The Arkansas Bureau of Legislative Research (BLR) submitted a survey to school districts Wednesday (Sept. 1), asking about their COVID numbers and requesting that their answers be returned the same day.
In an email sent to various superintendents on Wednesday, BLR said the final results of the survey could not be provided to districts because the information was being collected for a specific legislative member. It said BLR had to tried to collect the information at the agency level, but quarantine numbers aren’t being captured elsewhere.
Marty Garrity, director of the Bureau of Legislative Research, said she could not comment on any such requests or how the information might be used. The bureau staffs legislative committees, drafts bills for legislators, and conducts research on a variety of topics discussed in legislative hearings. It is nonpartisan and works for all 135 state senators and representatives.
The House and Senate Education Committees meet next Tuesday, Sept. 7, but the agenda does not document any matter pertaining to masks in schools. Those committees along with the House and Senate Agriculture, Forestry, and Economic Development Committees also meet Sept. 8 at the Hot Springs Convention Center, but an agenda for that joint meeting has not been posted.
The survey circulated today asks schools to answer eight questions:
- As of today, do you have a policy mandating employees and students wear masks? (Participants can answer “Yes, full requirement”; “Yes, partial requirement”; or “No”)
- When did the current mask policy take effect?
- How many students do you have in your district today?
- How many students in your district are positive with COVID-19 today?
- How many students in your district are not in school today because they have been quarantined due to COVID-19?
- How many employees do you have in your district today?
- How many employees in your district are positive with COVID-19 today?
- How many employees in your district are not in school today because they have been quarantined due to COVID-19?
The answer to the first question is available on the Arkansas Center for Health Improvement’s website. The health care policy organization has been keeping up with the number of school districts and charter schools enacting mask mandates. As of Aug. 31, about 141 school districts and charter schools have enacted full or partial mask requirements, and about 120 have decided not to do so.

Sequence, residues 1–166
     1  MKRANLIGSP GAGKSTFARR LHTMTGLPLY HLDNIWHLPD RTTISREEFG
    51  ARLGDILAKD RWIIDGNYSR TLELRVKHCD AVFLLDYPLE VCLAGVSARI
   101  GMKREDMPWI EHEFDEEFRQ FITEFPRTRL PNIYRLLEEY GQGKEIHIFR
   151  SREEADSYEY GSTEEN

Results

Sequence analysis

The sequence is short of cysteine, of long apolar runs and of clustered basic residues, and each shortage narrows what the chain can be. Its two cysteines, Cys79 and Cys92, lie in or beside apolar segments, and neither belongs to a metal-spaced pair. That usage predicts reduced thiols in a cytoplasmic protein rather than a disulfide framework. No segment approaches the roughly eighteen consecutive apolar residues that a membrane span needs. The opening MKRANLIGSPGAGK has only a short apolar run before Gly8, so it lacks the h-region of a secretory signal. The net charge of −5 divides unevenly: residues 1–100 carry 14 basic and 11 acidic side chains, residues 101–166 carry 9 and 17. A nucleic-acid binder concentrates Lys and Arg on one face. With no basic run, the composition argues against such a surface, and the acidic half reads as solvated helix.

Dr. Mike Hernandez, executive director of the Arkansas Association of Educational Administrators, said the information the survey is seeking would be good to have. School districts could benefit from knowing how the safety protocols are working.
“Right now, [we’re] not really getting a good picture statewide as to how that’s going,” he said.
Hernandez said AAEA’s help was not requested with this survey, but it has often tried to help BLR with surveys in the past. He said he would be hesitant to advise districts not to work with BLR, but AAEA would advise them to work with their local legislators to see the aggregate results.
“I think it would be better if there was an ability for that information to be shared back with the districts so they can use that to make some decisions that might be in the best interests of their safety protocols that they have in place,” he said.
The survey comes a day after Senate President Pro Tempore Jimmy Hickey, R-Texarkana, and Speaker of the House Matthew Shepherd, R-El Dorado, filed a motion in the Arkansas Supreme Court asking for an immediate stay of a preliminary injunction by Judge Tim Fox blocking the enforcement of Act 1002.
That law, passed by the Legislature and signed by Gov. Asa Hutchinson, prohibits schools and other state agencies from enforcing mask mandates. Fox issued the injunction against enforcing the law Aug. 6. Hutchinson has said he now regrets signing the bill and has retained outside counsel despite being a defendant in the case.
“The Act 1002 Injunction is causing irreparable harm because it prevents Act 1002, enacted by the representatives of the citizens of Arkansas, from being effective,” the motion by attorney Randall Bynum, who represents Hickey and Shepherd, says. “As a practical matter, it interferes with the legislature’s efforts to keep the peace and encourage the remaining unvaccinated segment of the population to get vaccinated without using mandates. There is a proliferation of disputes at the local level about local mask mandates, which has resulted in unnecessary dissension.”